Johnny Majors, architect of 1976 national championship, dies


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Then-head football coach for the University of Pittsburgh, Johnny Majors, calls a first down from the sideline during a home game on Nov. 7, 1973. HARRY CABLUCK / AP

With his voice wavering, Jackie Sherrill recalled his final conversation with Johnny Majors.

"It was just Sunday night when he called me back after I had called him," Sherrill said Wednesday. "The last things we said were we need to see each other. We need to get together. Either he was going to fly to Texas or I was going to fly to Tennessee because it was time to see each other."

Two college football coaching legends -- bound by southern ties, playing careers at big-time programs (Majors was a Heisman Trophy runner-up at Tennessee; Sherrill played at Alabama), incredibly successful head coaching stints at Pitt and a friendship that began in 1967 as assistants at Arkansas -- still making plans. Sherrill chuckled when thinking about the stories his "father figure" might tell him.

He chuckled about the stories Majors already told him.

Majors, the man responsible for resurrecting Pitt football in the 1970s, creating the school's script logo and a member of the College Football Hall of Fame, died Wednesday morning at his Knoxville, Tenn., home. He was 85.

"He was one of the best PR guys in our coaching business," Sherrill said. "He always had time to talk to everybody. He never forgot anybody, and he knew everybody."

Majors certainly knew how to build Pitt into a winner.

He arrived at Pitt in 1973 after a four-year stint at Iowa State, where he went 24-30-1. The Panthers went 1-10 in 1972, but Majors, with the help of freshman Tony Dorsett and a talented cast of players from Western Pennsylvania and beyond, changed the team's fortunes.


“I am saddened upon hearing of the passing of my beloved coach, Johnny Majors," Dorsett said in a statement. "He was more than just an integral part of my college football career; he was a dear friend who continued his relationship with me far beyond my playing days. He took a young high school kid and showed him how to be a leader and a man. My prayers are with his family, the Pitt community and all the players and coaches who have been a part of his life.  Rest in heaven, Coach.”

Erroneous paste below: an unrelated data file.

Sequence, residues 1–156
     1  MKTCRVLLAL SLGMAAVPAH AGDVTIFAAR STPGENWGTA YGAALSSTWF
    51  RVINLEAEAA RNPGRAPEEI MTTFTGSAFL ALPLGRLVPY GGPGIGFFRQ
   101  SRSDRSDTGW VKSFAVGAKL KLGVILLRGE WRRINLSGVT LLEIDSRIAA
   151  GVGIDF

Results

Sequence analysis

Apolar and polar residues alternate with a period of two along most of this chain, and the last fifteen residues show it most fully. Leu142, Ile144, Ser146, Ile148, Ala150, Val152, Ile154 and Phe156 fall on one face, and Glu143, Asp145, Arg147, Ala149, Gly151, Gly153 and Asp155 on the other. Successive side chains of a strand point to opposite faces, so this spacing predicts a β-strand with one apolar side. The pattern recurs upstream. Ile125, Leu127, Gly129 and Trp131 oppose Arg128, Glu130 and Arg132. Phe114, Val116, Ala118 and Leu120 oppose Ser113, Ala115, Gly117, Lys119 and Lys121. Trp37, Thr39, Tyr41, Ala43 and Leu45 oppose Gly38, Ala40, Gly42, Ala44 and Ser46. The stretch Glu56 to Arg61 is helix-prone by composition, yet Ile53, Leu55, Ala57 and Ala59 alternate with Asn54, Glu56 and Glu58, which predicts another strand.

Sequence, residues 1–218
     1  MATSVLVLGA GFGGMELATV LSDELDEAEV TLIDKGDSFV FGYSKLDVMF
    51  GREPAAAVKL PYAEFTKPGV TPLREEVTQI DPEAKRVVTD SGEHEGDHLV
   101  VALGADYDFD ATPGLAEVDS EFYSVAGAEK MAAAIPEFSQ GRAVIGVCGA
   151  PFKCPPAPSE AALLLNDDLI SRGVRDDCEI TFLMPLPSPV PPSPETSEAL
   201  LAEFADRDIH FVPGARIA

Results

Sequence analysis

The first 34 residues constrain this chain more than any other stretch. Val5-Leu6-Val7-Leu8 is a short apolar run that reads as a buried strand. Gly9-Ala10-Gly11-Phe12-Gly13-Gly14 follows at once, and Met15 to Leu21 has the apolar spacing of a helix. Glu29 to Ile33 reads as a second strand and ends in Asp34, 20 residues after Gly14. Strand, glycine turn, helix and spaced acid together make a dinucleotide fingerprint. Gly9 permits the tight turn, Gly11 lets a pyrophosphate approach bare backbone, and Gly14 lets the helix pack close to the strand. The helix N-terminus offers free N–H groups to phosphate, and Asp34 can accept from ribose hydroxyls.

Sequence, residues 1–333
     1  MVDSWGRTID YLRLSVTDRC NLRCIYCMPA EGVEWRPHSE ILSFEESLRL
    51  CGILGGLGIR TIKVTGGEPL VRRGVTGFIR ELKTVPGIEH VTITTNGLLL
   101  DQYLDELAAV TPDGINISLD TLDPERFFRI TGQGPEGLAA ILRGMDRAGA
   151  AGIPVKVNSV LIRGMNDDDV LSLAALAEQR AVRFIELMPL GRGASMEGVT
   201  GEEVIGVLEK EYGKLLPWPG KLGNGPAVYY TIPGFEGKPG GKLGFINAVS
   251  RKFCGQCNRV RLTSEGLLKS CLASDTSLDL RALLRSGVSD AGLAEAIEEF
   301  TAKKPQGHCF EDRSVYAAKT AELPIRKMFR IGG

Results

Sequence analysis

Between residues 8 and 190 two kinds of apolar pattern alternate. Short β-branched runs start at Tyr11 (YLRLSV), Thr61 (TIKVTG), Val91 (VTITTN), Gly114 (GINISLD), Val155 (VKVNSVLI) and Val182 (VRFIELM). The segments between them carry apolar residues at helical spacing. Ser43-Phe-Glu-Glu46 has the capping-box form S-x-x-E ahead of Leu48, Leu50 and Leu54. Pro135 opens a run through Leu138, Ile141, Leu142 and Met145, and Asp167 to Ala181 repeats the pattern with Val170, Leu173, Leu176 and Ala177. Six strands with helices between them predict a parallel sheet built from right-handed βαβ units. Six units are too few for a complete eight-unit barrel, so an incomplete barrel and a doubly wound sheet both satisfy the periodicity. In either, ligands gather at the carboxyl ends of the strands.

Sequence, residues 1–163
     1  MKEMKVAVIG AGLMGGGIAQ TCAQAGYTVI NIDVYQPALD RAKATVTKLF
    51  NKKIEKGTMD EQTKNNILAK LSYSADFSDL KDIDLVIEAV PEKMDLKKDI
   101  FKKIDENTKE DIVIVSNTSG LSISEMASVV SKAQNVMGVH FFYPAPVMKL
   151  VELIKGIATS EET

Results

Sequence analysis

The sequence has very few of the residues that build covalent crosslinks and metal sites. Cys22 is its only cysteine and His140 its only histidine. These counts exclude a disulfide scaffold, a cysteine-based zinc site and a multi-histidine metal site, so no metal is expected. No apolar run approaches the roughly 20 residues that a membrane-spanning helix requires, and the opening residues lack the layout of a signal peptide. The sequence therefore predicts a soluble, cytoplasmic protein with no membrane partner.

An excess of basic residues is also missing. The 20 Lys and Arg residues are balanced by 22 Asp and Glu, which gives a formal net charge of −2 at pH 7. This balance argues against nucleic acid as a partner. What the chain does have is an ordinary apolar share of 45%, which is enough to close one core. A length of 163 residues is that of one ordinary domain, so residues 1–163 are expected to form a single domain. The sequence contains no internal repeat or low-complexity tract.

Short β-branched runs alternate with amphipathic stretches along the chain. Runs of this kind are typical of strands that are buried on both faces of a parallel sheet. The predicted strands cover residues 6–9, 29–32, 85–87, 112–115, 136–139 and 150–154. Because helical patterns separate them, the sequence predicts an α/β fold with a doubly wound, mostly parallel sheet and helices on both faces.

Pitt went 6-5-1 in Majors' first season, earned a Fiesta Bowl berth -- the team's first bowl in 17 years -- and the program continued to ascend. Majors earned coach of the year honors from the Football Writers Association of America that season. He did again in 1976, making him one of eight to win the award on multiple occasions.

"Pitt had to convince him he could win here coming from Iowa State," longtime Pitt radio play-by-play announcer Bill Hillgrove said. "It involved opening the purse strings. He had almost free rein. He said we would bring in almost 80 recruits. He brought in 95 of them."

None were more vital to Pitt's success than Dorsett, the Aliquippa native and Hopewell High School graduate who won the Heisman Trophy and rushed for a then-NCAA record 6,082 yards in his four years with the Panthers.

"It's the first day we're in pads at camp in Johnstown, and Tony busts this 70-something-yard run for a touchdown in a scrimmage," Sherrill said. "Coach Majors is running behind him yelling and screaming. He came back to us and said, 'That's a football player right there.' I'll never forget how excited he was that we found our running back."


In 1976, Majors guided Pitt, which started three quarterbacks during the season, to a 12-0 record and a national championship after a 27-3 win over Georgia in the Sugar Bowl. The Panthers' closest game that season was a 24-16 win against West Virginia.

Pitt beat Penn State, 24-7, in the regular-season finale, but, typical of a heated rivalry, the game was close in the first half. The score was tied 7-7 at halftime, and the Nittany Lions held Dorsett to 51 yards.

Then, Majors made a halftime adjustment Penn State did not expect.

"I think everybody points to that Penn State game in '76 when Tony lined up at fullback in the second half," said Hillgrove, who developed a close friendship with Majors. "Tony got to full speed in only two steps. Penn State was on their heels. He was good at adjustments, good at delegating responsibilities, and he thrust his assistants into positions to be successful. Great coaches keep an open mind. Johnny kept an open mind."

Majors left Pitt for Tennessee, his alma mater, in 1977. He spent 15 years as coach of the Volunteers, winning SEC championships in 1985, 1989 and 1990. He returned to Pitt in 1993, but the Panthers struggled during his four-year tenure, never winning more than four games.

"The second time, he didn't have the support from the school he had the first time," Hillgrove said. "He couldn't have the kind of coaches he wanted or some of the things he wanted. Everybody thought Johnny would come in and wave his magic wand and make everything like it once was. It doesn't happen like that."

A 2019 inductee into the Pitt Athletics Hall of Fame, Majors finished his coaching career with 185-137-10 record and 16 bowl invitations. His coaching tree extends wide and includes current and former NFL head coaches Jon Gruden, Dom Capers, Jimmy Johnson and Dave Wannstedt along with former Pitt head coach Walt Harris.

"It's just sad," Hillgrove said. "He was a great man, a person who loved life, loved to smile, loved to live life and a good story. He was a great coach and a great mentor to me."

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